Metro-Goldwyn-Mayer has inked a three-year international theatrical, video and DVD distrib deal with 20th Century Fox, raising questions about the future of the United Intl. Pictures partnership involving the Lion, Universal Pictures and Paramount Pictures.
In a deal hailed by MGM as a “milestone,” the Lion hopes to save millions of dollars in distribution costs through the new pact. Earlier this year, MGM terminated its long-running and high-cost Warner Bros. video distrib deal at a price of $225 million.
Meanwhile, the Lion is thought to be working on fresh initiatives related to its Internet strategy, which will likely be announced shortly.
MGM said the new video and DVD deal will take effect Feb. 1 after the expiration of the WB deal. The theatrical agreement will kick in on Nov. 1, 2000, following expiration of MGM’s deal with UIP. Both new deals run through to Jan. 31, 2003, making them considerably shorter-term than either the UIP or WB deals.
MGM also revealed that it and Fox had “agreed to jointly explore cable and satellite distribution ventures worldwide.” The Lion has been having discussions about creating MGM-branded cable networks with cable programmers such as Cablevision Systems and Encore Media, but those discussions have so far gone nowhere.
Fox parent company News Corp. has extensive international sat TV ventures in Britain, Latin America and Asia as well as some cable nets in the U.S.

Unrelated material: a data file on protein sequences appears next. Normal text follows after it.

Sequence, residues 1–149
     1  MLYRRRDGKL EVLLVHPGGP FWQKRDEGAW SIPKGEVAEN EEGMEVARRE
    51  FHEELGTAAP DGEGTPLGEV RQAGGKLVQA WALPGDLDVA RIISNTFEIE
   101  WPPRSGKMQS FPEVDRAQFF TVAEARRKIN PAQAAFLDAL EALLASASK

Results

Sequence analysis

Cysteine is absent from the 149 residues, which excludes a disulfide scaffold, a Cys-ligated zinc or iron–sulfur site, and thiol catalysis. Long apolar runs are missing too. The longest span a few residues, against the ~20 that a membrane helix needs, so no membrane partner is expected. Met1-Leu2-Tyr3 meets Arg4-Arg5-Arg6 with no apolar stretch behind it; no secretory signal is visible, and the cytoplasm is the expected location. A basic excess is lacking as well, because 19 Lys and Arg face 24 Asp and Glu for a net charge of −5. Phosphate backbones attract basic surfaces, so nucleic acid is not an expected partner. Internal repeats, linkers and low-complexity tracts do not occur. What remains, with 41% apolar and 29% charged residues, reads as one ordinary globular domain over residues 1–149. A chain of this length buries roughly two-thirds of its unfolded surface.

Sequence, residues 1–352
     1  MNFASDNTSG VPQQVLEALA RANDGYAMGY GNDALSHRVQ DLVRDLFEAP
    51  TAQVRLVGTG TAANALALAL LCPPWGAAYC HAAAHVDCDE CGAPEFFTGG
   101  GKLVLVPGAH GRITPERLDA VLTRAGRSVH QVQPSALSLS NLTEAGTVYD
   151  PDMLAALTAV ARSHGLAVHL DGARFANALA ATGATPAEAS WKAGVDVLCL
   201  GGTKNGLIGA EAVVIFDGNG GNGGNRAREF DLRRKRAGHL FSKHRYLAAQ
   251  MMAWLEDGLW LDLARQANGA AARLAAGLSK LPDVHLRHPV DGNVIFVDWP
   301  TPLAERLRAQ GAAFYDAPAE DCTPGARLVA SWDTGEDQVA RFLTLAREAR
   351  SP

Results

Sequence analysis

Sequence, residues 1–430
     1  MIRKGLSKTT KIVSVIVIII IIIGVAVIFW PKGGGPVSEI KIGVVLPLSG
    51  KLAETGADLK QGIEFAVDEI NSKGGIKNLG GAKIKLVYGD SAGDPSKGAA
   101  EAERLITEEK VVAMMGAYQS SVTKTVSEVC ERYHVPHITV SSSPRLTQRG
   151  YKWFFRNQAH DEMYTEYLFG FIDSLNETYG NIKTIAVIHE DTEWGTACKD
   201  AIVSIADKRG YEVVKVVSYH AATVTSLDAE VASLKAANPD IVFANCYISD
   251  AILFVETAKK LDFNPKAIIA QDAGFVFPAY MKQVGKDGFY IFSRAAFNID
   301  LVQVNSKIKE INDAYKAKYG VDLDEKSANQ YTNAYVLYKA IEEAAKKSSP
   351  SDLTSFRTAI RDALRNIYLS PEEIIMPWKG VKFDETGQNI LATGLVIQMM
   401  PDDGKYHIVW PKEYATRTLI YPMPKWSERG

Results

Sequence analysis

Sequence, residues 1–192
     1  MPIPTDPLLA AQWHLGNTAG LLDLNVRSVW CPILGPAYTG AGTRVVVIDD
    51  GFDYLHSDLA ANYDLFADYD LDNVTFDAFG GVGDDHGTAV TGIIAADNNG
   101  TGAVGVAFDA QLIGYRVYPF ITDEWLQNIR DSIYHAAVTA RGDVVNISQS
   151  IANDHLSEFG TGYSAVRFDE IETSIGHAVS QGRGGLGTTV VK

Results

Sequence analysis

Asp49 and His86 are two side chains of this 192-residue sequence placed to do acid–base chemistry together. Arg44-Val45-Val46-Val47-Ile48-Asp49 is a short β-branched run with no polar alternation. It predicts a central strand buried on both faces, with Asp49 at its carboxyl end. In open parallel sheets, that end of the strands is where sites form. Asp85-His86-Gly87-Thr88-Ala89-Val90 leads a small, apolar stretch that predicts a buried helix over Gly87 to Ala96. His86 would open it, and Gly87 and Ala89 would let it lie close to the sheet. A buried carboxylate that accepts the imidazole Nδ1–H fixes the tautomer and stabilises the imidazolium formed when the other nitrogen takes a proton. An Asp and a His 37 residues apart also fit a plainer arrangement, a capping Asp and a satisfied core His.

Lion’s pride over Fox
MGM execs were exultant about the Fox deal Monday. “MGM has achieved one of its most important strategic goals,” said MGM vice chairman Chris McGurk in a statement, although the company refused to disclose any details about the new deal.
MGM stock rose 43¢ to $16.25 Monday.
“We are delighted to form this strategic alliance with MGM,” Fox Entertainment Group president Peter Chernin said in a statement.
Since it was reacquired by billionaire Kirk Kerkorian in 1996, the Lion has focused on building up its library through acquisitions. It is now looking to cement distribution partnerships, taking advantage of what is now a 5,100-title catalog.
The advantages of the new deal, McGurk told Daily Variety, are that MGM is partnered with “the best in the business,” and the same team would handle both video and theatrical.
Leo gains control
He said MGM had negotiated a number of controls “that from a marketing and distribution standpoint give us about as much control over our product as if we had an equity stake in the distribution company.”
In the WB vid deal, MGM had very little say in how titles were marketed — an aspect of the pact that proved frustrating for the Lion.
McGurk said the new deals would also save MGM significant amounts of money, although he refused to be specific.
Reducing distrib costs
In a voicemail to staff, however, MGM chairman and CEO Alex Yemenidjian said the Lion would save about $15 million in annual distribution costs. Analysts estimated earlier this year that early expiration of the WB vid deal would save the company about $50 million.